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Winner - Best Personal Blog - 2003 Netguide Web Awards

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Death & Taxes | Jul 12, 2005 17:25

The old cliché of Death and Taxes have been a real theme for me in the past couple of weeks.

Tax, in the sense that I'm nutting out a story on this year's big election issue, while simultaneously ignoring the letters from IRD telling me my tax returns are overdue. The twice-yearly pain in the arse that is GST filing has been complicated even more by packing away all my stuff into various boxes, moving house, and not having the space to unpack everything.

Who am I kidding? It's also got a lot to do with the fact that I use my company account like a small child uses a tree - providing endless hours of entertainment in any way I see fit. Somehow it all works out, but there are a lot of dubious Friday night withdrawals that need to be explained away first.

Death-wise, I carried my grandfather's coffin on Wednesday. I've been to a few funerals before, but this was the first time I've acted as a pallbearer. I guess that's one way of determining how close you are to someone, especially as a guy - although I'm reliably informed it's common for women to lend a hand these days.

The funeral was nice, even if the chaplain did get a bit lost with the names (somehow my Uncle Terry became Aunty Megan), and the Last Post failed to fire on the stereo (I knew we were up against it when the chaplain tried turning the CD over to play the other side…). Surely it couldn't be that hard to find a bugler on a naval base.

Leaving the chapel, it was raining pretty solidly, a very grey day at the Devonport navy base, and I wondered if we needed to walk quite so slowly from the chapel out to the hearse. The alternative - breaking into a quick jog - didn't seem appropriate though, so I resigned myself to the downpour.

Which for some reason reminds me of a joke. Why does Snoop Dogg always carry an umbrella?


Anyhoo, Sunday just gone, I wrote my HOS column about the trials and tribulations of moving house. Mercury Energy in particular go out of their way to make life difficult, especially with their policy of "we'll be round to connect your power, um, sometime today."

How it works is this: You name a time, and they send someone round up to five hours later. They can't tell you anything more detailed than that, they can't call you to let you know they're on their way, and if you're not there, you pay a penalty (and nominate another time…)

All of which is great when you're trying to move house.

I got an email from Mercury offering an explanation for the mandatory five-hours of sitting around with my finger up my bum (I was bored, okay)

We are unable to give a more accurate timeframe for reconnection as the contractors we use have a schedule of jobs over the greater Auckland area and any new job is then added to that.

Which doesn't really explain anything. Many people have a schedule of many things, and add new things to the end. It's the way schedules work, and it certainly doesn't give them more than half a day's leeway to turn up to existing appointments.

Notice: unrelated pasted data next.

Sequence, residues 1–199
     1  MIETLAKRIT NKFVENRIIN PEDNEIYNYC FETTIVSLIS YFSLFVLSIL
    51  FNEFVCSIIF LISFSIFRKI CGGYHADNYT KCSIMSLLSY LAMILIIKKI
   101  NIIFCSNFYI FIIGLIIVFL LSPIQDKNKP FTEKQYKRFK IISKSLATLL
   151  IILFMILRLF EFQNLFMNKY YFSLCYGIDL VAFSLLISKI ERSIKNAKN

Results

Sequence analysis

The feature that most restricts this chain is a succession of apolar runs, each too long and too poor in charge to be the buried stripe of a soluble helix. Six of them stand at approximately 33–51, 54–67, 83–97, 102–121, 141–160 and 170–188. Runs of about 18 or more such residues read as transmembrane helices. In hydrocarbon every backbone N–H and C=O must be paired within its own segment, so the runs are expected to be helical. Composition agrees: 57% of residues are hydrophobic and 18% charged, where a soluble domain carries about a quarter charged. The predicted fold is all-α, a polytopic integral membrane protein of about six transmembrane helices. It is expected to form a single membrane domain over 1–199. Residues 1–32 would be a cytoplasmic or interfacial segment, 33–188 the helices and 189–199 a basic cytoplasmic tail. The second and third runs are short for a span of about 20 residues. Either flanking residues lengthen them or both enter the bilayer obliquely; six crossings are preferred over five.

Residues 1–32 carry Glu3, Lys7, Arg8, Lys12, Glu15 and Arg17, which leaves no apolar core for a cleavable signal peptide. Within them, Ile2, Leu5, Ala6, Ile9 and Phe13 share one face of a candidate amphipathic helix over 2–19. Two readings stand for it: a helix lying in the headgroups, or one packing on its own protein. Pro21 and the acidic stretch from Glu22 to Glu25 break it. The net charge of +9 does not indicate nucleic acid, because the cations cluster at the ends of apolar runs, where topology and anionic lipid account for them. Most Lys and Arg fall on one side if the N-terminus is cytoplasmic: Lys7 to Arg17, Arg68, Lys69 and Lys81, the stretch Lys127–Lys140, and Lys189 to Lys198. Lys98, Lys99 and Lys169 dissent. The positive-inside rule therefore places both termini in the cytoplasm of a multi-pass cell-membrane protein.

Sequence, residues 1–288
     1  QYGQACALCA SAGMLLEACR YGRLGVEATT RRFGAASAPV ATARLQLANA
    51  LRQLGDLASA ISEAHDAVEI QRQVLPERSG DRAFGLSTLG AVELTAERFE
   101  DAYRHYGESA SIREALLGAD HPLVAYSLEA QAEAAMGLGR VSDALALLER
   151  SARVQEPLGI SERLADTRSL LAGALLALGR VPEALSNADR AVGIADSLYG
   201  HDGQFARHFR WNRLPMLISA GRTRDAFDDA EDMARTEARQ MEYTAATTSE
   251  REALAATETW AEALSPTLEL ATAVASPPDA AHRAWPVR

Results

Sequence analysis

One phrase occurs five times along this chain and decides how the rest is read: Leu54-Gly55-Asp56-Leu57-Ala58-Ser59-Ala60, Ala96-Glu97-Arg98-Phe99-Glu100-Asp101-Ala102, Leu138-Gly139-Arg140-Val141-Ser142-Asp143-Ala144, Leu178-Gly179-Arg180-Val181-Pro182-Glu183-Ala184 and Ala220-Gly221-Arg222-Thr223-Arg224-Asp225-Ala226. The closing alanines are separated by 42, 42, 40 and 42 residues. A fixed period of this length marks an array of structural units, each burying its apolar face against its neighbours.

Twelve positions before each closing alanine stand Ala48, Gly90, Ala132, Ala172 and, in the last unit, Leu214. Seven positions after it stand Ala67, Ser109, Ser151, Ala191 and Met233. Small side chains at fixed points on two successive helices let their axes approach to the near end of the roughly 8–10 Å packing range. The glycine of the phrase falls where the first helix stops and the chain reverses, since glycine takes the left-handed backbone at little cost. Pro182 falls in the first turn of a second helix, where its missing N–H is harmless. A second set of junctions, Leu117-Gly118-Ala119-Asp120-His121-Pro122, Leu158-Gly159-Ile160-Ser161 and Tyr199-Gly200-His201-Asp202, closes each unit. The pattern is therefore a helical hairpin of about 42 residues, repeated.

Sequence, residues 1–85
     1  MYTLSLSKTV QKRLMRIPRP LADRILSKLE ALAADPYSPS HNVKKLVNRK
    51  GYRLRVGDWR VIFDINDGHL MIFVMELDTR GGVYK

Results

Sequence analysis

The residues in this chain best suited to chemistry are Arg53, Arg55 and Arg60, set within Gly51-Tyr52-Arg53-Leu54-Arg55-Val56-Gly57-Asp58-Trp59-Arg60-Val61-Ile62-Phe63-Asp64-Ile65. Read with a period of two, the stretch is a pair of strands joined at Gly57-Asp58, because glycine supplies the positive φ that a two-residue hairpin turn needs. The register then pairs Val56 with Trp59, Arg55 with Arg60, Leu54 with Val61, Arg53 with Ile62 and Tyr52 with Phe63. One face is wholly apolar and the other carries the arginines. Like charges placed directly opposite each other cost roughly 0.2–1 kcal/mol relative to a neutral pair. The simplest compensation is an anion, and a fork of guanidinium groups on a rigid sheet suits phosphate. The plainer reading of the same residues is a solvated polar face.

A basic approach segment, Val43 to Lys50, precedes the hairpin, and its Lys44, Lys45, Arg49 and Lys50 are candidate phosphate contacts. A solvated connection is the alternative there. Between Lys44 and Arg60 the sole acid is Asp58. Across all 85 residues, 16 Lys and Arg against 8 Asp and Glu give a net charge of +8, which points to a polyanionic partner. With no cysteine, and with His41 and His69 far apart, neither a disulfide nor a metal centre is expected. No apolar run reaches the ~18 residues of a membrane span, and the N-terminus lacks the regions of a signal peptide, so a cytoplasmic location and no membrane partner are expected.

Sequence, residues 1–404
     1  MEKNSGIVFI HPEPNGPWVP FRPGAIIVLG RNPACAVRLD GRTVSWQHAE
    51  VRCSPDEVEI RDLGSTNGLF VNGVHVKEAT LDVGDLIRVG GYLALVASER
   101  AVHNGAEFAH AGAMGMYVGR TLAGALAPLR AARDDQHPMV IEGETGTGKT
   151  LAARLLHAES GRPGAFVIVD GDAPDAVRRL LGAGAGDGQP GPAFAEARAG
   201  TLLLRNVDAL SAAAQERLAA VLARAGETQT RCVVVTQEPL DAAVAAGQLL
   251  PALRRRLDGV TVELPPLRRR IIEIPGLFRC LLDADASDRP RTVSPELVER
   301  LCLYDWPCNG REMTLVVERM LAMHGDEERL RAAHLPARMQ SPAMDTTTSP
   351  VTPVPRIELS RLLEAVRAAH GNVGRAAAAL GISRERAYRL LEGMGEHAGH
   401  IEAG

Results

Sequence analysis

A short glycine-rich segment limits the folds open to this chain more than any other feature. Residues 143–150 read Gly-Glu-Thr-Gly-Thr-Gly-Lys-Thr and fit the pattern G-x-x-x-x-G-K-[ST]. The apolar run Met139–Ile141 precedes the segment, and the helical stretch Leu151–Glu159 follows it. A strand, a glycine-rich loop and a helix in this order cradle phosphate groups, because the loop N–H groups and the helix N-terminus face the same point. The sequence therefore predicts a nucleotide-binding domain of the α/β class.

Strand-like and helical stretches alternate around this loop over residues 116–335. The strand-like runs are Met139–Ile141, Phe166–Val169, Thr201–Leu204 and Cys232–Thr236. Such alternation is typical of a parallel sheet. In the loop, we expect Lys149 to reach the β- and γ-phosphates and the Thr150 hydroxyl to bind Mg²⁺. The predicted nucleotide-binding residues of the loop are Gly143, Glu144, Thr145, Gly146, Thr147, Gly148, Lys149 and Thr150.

But the real pisser about having to move came from the landlord. As I mentioned before, she's selling the house, so we had to move out. The stooped thing is, when the owner of a house gives you notice, if you find a place earlier, you've still got to give 3 weeks' notice.

Which is arse, quite frankly.

Not only do you have to pay moving expenses, reconnection fees, letting fees etc - all of which added up to about $800 - you have to pay them rent for the house they're about to make a killing from.

So I negotiated with the property manager to only give two weeks' notice. Two weeks later, the landlord said she wanted an extra week. I said "no". I pointed out we'd paid about $90,000 of her mortgage off already. She said "how about half a week?" I said "no". She looked down and realised she was standing on no legs.

Seriously though, what about a change in the default residential tenancy rules? If the landlord sells the house from under you, you can move out without any notice.

While I'm on things that just don't make sense: David McPhail's TV reviews. Anyone?

For something that's actually funny, Office fans should check out Ricky Gervais' ads for Live8.

Incidentally, I've seen the much-dreaded US version of The Office. It's actually not bad. It helps that large chunks of dialogue have been lifted verbatim from the original, and that the casting is close, but not so close as to be sad. It has no laugh track. It works.

Whew. One whole post without mentioning London. You see, I've never been there, and friends of mine are far more qualified to comment than I.

But my thoughts are with you. And as the Maori proverb says, "Iti noa ana, he pito mata" - "With care, a small kumara will produce a harvest."

Okay, it doesn't make sense, but it's a proverb with a kumara in it. What's not to like?

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Brumating my troubles away | Jun 21, 2005 17:09

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No I haven't gone.

I've been hibernating. I've lowered my body temperature, my rate of breathing, my blood pressure and my brain activity. I'm making like the Three-toed Box Turtle (Terrapene carolina triunguis) and slowing things down a bit.

Actually, life outside of my climate-controlled blogosphere has been anything but dormant. Work's been all go, and after the successful execution of my carefully laid year-long plan to shed flatmates, the landlord called the other day. She's selling.

Unfortunately, as the flatmates have been disposed of (under the floorboards in the study, should any potential buyers care to look), the detritus of my life has expanded to fill the unused space.